What every angioplasty patient needs to know
It's a "simple" procedure with dangerous -- even DEADLY -- consequences.
And it's not because of the procedure itself.
It's because of the DOCTORS who perform it!
New research exposes a staggering level of incompetence among many of the docs who perform what's called a percutaneous coronary intervention, or PCI. It's a type of angioplasty with a stent done to help improve the flow of blood around your heart to clear blockages, reduce angina, and even help you heal after a heart attack.
Most docs act like it's no big deal and promise that you'll be in and out of the hospital in 24 hours or less.
But the new study shows how many patients, especially older patients, are sent home with a frightening "extra" from the PCI.
They have lasting and even PERMANENT kidney damage.
Overall, 7 percent of PCI patients suffer kidney injury. But some docs are worse than others, with nearly a third of their patients battling acute kidney injury -- and it's all because of a dumb and completely avoidable mistake!
This procedure involves placing a stent into a blood vessel of the heart. When docs slide the catheter up into position, it releases a little bit of contrast dye so they can watch it all unfold via X-rays.
And that's the problem.
Some docs are pumping out way too much of that dye, which eventually makes its way to the kidneys.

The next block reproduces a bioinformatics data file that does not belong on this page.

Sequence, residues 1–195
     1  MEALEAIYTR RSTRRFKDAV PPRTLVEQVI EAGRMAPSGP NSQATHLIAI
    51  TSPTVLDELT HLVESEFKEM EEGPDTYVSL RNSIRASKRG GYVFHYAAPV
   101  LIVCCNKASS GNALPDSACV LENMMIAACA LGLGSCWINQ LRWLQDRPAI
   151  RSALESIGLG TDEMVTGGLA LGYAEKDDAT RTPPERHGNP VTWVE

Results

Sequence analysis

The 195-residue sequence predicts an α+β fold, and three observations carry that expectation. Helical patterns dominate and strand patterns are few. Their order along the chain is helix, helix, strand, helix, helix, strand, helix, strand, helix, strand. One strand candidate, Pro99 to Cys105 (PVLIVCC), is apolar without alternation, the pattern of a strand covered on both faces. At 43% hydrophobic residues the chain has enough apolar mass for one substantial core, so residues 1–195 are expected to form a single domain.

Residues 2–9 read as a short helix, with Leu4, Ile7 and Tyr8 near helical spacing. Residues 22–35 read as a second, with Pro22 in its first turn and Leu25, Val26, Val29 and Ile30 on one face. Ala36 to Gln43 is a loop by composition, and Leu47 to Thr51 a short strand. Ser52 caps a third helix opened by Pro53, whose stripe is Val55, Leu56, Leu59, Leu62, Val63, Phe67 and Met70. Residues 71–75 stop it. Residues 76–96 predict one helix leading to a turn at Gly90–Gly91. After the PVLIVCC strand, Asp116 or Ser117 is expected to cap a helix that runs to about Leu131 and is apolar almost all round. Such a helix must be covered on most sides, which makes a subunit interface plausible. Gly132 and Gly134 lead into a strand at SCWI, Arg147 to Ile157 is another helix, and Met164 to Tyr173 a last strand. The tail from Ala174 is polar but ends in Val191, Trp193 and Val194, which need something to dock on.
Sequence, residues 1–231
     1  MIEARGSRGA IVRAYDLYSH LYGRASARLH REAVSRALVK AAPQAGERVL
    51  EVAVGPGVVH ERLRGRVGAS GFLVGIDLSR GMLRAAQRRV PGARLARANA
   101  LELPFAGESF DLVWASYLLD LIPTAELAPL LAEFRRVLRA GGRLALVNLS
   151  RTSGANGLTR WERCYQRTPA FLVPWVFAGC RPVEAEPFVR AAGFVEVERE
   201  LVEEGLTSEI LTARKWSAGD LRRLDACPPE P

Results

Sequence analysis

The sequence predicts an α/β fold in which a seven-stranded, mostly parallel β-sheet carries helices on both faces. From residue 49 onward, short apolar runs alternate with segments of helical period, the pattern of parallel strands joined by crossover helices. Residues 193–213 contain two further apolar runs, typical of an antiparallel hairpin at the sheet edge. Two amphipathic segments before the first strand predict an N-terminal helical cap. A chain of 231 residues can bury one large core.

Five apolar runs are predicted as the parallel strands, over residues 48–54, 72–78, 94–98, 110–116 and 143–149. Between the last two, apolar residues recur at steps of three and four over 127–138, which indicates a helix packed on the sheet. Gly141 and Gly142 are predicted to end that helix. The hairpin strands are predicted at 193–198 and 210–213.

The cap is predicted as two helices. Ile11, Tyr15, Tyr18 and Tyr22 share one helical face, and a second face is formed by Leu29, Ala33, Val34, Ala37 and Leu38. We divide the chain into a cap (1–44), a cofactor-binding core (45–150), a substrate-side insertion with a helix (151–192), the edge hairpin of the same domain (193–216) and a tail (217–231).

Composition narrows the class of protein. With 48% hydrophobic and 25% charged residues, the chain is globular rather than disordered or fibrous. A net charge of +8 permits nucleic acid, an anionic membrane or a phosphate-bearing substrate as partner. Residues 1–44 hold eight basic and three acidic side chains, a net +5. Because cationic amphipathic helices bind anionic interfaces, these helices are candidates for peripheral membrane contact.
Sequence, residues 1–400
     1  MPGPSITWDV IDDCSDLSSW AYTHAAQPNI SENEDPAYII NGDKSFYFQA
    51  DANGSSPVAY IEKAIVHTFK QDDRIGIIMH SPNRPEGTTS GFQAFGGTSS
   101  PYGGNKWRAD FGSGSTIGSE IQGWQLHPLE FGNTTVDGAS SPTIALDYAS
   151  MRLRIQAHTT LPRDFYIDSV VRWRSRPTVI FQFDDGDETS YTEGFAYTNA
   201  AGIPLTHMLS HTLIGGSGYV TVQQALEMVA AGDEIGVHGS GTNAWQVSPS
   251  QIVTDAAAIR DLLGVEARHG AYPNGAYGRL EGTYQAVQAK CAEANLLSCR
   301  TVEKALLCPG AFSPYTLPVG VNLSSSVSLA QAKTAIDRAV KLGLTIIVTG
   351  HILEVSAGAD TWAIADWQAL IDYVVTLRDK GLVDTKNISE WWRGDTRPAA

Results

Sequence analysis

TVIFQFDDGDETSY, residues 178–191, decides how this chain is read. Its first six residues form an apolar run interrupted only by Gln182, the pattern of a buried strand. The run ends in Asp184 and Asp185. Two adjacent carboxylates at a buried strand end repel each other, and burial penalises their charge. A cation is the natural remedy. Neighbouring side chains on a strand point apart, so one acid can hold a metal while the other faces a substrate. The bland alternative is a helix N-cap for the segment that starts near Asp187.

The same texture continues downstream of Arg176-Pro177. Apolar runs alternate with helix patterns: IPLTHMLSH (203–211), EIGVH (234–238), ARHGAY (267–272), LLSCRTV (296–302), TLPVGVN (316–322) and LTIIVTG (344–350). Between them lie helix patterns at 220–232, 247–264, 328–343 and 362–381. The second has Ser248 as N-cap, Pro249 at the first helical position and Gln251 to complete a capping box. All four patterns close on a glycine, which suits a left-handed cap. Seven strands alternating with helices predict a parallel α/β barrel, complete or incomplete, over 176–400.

Healthy kidneys can generally handle a little dye. But if you have a higher risk of kidney problems or are already suffering from kidney damage, that dye could gum things up.
You need much lower levels... or even none at all.
Yet the new study finds docs AREN'T checking their patients for kidney risk and AREN'T limiting or eliminating contrast dye.
In fact, some docs use SIX TIMES the dye of others, even in at-risk patients!
The researchers told MedPageToday that the importance of cutting dye doses in patients facing a higher risk of kidney problems is "not universally recognized."
That's a fancy way of saying docs are clueless on this one.
So, if you're scheduled for a PCI or any other procedure that uses contrast dye, that means you need to clue him in -- especially if you know you're at risk of kidney problems.
If you're not sure what your kidney risk is, talk to your doc about that as well.
Then, if you go through with the procedure, be sure to take vitamin E supplements afterward, as studies show this nutrient can cut the risk of kidney injury from contrast dye.